Adjust the lower to where you want and tighten up, then jack the lower arms up again until the upper adjuster is where you want it, and bolt the adjuster up. That’s how I do it anyway! If your leaves are not easy to rotate, you may have to split the ball joints and work on one tube at a time without them joined by the hubs.


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Moseley

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And yes, any height adjustment will change your tracking - the track rods travel in an arc, so effectively their length changes (pushes / pulls the wheels out) as the wheels go through their travel.


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ozziedog

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The bolt with the Allen key is I’m guessing the actual adjuster ?
If so it should have a lock nut on it. The original beam would have a dimple to fix the centre of the torsion springs and each side will work without influencing the other side. That dimple has been replaced by the adjuster with this Allen key bolt so that you now have a new dimple that you are trying to move around the beam to lower or raise your suspension . Most of these have been fitted by different people in slightly different ways and some are already as high as the suspension can be or as low as the suspension can be depending on how they wanted to set it up with a view to future adjustments.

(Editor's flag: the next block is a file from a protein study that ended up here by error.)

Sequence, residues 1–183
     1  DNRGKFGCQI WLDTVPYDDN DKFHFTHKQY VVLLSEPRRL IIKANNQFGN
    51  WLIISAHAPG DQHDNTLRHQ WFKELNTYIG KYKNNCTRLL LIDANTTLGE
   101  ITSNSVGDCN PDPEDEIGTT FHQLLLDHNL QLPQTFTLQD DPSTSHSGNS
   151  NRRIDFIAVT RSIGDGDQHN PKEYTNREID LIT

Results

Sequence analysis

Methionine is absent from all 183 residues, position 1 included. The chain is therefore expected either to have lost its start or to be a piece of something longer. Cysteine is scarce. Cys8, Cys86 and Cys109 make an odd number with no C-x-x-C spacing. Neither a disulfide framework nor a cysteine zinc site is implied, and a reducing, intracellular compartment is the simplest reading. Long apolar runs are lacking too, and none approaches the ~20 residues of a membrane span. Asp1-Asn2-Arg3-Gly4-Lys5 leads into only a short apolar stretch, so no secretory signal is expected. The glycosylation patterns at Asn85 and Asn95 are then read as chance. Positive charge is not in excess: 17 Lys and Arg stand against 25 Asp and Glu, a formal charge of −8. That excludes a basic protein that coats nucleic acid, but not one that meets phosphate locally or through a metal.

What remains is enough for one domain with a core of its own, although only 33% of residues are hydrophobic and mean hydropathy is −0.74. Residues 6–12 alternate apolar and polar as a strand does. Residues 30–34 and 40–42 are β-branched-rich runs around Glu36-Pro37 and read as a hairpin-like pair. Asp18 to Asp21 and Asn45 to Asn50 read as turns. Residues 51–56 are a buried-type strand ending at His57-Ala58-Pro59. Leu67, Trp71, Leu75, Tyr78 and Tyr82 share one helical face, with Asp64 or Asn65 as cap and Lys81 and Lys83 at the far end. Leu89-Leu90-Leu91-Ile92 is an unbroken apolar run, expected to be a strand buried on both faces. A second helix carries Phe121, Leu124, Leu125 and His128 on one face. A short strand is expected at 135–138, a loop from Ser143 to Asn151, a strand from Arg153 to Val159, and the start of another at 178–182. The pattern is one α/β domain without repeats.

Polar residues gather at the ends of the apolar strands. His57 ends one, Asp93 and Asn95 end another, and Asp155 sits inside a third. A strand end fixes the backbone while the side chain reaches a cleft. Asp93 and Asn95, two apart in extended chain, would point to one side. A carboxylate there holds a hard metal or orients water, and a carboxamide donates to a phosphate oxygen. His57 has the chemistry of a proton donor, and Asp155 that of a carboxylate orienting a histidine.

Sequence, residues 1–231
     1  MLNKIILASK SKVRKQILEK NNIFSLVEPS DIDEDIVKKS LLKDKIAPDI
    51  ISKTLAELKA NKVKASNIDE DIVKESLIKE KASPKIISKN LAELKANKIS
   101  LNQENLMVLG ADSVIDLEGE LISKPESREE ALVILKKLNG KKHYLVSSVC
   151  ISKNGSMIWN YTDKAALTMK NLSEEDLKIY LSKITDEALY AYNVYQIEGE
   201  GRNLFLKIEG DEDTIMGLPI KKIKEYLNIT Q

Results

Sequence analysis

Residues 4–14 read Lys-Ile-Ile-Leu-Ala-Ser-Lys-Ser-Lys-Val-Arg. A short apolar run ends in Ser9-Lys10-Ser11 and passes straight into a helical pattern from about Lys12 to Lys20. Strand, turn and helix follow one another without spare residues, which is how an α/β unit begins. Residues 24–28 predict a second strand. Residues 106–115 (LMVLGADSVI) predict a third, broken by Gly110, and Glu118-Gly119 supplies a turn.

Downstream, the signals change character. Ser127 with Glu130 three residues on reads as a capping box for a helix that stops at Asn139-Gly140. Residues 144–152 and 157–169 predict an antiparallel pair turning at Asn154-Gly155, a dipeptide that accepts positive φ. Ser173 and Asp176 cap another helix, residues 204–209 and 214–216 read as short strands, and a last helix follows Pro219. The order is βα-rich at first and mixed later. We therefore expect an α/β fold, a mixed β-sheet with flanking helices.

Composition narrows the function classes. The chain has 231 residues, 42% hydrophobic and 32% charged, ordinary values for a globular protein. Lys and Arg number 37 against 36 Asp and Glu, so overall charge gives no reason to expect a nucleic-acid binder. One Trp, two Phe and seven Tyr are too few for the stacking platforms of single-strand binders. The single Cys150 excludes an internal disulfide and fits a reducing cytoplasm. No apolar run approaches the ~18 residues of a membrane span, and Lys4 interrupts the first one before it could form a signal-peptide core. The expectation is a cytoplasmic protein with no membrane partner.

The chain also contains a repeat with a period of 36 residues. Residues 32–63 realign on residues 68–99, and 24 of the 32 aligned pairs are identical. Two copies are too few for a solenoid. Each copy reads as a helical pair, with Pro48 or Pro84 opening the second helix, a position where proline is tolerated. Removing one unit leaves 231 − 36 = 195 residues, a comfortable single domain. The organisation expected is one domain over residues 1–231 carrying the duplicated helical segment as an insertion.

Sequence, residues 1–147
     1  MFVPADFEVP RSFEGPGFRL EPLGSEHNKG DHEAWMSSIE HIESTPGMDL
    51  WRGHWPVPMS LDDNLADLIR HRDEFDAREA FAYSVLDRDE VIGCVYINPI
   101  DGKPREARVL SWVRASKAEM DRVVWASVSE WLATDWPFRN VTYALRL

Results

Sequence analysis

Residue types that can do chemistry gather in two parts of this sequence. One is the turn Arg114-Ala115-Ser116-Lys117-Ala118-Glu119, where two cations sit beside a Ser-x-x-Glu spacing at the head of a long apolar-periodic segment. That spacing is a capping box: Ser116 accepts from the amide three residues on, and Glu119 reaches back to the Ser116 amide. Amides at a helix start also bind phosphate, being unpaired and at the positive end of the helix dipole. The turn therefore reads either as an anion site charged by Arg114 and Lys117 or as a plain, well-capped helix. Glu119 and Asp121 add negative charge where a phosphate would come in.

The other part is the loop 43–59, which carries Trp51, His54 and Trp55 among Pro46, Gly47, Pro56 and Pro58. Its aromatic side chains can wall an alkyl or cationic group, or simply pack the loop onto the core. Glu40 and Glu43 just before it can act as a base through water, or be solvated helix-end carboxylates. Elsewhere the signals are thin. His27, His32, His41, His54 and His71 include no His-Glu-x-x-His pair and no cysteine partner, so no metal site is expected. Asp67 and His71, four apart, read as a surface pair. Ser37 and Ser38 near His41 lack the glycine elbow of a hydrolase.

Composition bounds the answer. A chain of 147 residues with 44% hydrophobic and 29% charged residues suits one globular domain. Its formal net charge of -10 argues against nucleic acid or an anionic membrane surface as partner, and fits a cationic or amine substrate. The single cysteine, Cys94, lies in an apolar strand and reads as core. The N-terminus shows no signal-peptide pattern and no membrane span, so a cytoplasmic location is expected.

Ozziedog,,,,,,,,, I hope that’s right :mrgreen:
 

sparkywig

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The Allen/hex screw is the adjuster screw, the nut is a locking nut. So you need to loosen the locking nut and the back out the Allen grub screw.

Jack the bus up and support it with axle stands under the lower beam tube. Make sure it wont move as you'll be using some force on the trailing arms.
Remove the shock absorbers, they'll just get in the way and stop and downward travel.
Loosen the adjusters, and the trailing arms will drop. Well, actually they wont, and will need a bit of force to move. It's actually easier to split the ball joints and let the spindle hang loose.
 

Moseley

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fallingoffalot said:
Great thanks, so why would I need to loosen the bolt with an Allen key?

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There's no need to loosen / remove the bolt. It just screws into the centre boss, which in turn holds the leaves and makes the central point the pivot for the leaves on either side. Once the top part of the toothed adjuster is removed, the Allen bolt 'should' be free to move within the confines of the slot in the toothed section welded to the beam. This is when you'll find out if you'll need to remove other suspension components to allow you to actually move it. As mentioned (and a good point) drop your shocks off the lower mount to ensure you can pull the arms lower than the travel of the shock. I'd have thought you'll almost certainly have to split one of the trailing arm ball joints to reduce the resistance on the assembly.

It's a lot easier to lower the suspension than it is to raise it! You might also find that you run into issues with your shift linkage fouling the adjuster bolts, so that is something to bear in mind.